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Publication numberUS4125796 A
Publication typeGrant
Application numberUS 05/820,649
Publication dateNov 14, 1978
Filing dateAug 1, 1977
Priority dateJul 30, 1976
Also published asDE2734430A1, DE2734430B2
Publication number05820649, 820649, US 4125796 A, US 4125796A, US-A-4125796, US4125796 A, US4125796A
InventorsHiroshi Nagase, Toshiaki Okuyama, Yuzuru Kubota, Katsunori Suzuki
Original AssigneeHitachi, Ltd.
Export CitationBiBTeX, EndNote, RefMan
External Links: USPTO, USPTO Assignment, Espacenet
Control apparatus for use in a synchronous machine
US 4125796 A
Abstract
A control apparatus for use in a synchronous machine having a field and an armature windings, one of the windings being provided on a stator and the other winding on a rotor comprises a thyristor converter for feeding the armature winding with electric power. A rotor position detector, an actual current detector and a rotating speed detector are provided. A current pattern signal is produced on the basis of the rotor position signal and the rotating speed signal and is compared with the actual armature current. A gate pulse generator controls the thyristors of the thyristor converter in accordance with the difference between the current pattern signal and the actual armature current signal. A phase shifter is provided for shifting the current pattern signal. A phase detector detects the phase difference between the armature current supplied for the armature winding and the rotor position, and the phase shifting operation of the phase shifter is controlled in accordance with an output from the phase detector.
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Claims(5)
What we claim:
1. A control apparatus for a synchronous machine with a field and an armature windings, one of the windings being provided on a stator of the machine and the other winding on a rotor thereof, comprising a converter having a plurality of thyristors for controlling an electric power fed to the armature winding, means for producing a signal corresponding to the position of the rotor, means for generating an armature current pattern signal on the basis of both the output signal of the producing means and the difference between a speed reference and an actual rotating speed of the rotor, and means for controlling the thyristors in accordance with the deviation between an actual armature current and the armature current pattern signal, characterized by means for detecting a phase difference between the actual armature current and the output signal of the producing means and means for shifting the output signal of the producing means in accordance with the output of said detecting means.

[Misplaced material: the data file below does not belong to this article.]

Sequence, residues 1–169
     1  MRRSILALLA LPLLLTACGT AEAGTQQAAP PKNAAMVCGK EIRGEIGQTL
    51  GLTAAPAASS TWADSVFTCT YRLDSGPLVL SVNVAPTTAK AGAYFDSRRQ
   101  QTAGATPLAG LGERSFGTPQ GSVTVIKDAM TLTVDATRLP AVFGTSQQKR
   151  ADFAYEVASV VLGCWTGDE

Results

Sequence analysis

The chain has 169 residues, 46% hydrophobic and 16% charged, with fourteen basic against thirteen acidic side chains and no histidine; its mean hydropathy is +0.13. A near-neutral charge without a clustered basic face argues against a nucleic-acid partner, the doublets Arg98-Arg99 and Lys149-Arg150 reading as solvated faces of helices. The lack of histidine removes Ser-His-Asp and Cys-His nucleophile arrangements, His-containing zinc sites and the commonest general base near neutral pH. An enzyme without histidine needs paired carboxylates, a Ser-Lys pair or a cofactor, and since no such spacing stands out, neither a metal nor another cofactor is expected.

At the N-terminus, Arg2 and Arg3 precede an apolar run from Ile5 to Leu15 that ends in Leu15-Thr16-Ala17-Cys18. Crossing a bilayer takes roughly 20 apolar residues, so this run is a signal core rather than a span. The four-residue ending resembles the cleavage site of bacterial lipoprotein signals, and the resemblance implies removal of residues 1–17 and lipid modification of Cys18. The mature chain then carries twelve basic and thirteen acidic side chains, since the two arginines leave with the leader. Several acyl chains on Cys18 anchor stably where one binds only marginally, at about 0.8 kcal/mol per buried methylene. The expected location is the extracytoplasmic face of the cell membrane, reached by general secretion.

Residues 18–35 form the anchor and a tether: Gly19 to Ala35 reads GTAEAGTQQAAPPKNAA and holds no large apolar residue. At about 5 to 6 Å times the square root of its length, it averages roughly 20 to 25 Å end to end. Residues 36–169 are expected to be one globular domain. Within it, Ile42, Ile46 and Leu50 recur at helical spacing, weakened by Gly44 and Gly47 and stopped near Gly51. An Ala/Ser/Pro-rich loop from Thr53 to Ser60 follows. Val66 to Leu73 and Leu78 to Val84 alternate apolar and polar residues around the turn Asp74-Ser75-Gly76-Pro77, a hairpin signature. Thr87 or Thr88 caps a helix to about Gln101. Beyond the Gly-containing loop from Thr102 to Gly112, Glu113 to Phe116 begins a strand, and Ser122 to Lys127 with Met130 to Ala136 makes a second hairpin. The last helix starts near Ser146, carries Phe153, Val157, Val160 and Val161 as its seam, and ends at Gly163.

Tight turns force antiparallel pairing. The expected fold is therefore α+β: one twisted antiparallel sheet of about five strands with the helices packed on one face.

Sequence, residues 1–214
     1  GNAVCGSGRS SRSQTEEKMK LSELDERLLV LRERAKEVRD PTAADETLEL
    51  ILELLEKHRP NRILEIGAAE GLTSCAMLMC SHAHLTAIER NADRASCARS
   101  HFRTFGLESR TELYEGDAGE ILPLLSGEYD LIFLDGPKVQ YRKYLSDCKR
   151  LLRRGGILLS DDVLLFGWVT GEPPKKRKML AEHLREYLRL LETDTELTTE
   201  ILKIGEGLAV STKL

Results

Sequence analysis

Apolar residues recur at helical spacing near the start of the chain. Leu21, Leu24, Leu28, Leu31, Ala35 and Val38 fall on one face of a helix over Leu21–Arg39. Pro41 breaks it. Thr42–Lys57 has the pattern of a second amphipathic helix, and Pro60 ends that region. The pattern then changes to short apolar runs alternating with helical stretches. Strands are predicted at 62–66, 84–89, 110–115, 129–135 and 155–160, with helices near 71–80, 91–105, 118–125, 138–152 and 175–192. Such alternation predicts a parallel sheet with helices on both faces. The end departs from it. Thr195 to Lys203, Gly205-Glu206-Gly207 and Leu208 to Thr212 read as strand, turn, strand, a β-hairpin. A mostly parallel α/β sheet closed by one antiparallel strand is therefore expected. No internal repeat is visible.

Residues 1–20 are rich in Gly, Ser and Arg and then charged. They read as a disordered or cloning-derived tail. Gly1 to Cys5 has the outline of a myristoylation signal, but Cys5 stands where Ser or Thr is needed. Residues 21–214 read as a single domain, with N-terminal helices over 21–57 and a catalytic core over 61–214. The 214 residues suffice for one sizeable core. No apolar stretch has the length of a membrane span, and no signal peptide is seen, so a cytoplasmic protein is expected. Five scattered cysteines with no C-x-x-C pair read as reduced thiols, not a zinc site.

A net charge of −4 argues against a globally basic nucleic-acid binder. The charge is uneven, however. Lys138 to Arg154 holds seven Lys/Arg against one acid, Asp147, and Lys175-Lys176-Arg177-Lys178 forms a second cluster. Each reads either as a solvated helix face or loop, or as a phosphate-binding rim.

2. A control apparatus as claimed in claim 2, characterized in that there is further provided voltage detecting means for detecting the voltage applied to the armature winding, and that said detecting means detects the phase difference on the basis of the actual armature current and the output signal from said voltage detecting means.
3. A control apparatus as claimed in claim 2, characterized in that said detecting means produces the output in accordance with the non-effective power on the basis of the actual armature current and the output signal from said voltage detecting means.
4. A control apparatus as claimed in claim 1, characterized by means for regulating the amplitude of the armature current pattern signal from the generating means in accordance with the output of said detecting means.
5. A control apparatus as claimed in claim 1, characterized in that there are further provided voltage detecting means for detecting the voltage applied to the armature winding, and means for feeding the field winding with the electric power in accordance with the output from said voltage detecting means.
Description
BACKGROUND OF THE INVENTION

This invention relates to a control apparatus for a commutatorless synchronous machine, particularly to the control circuit which controls current fed to an armature winding of the commutatorless synchronous machine.

In a conventional synchronous machine, when it operates at the relatively high speed, the actual current flowing through the armature winding is retarted in phase with respect to a nominal armature current because of, for example, the delay in the response of the control circuit. The phase-delay of the armature current results in the lowering of the power factor of the synchronous machine.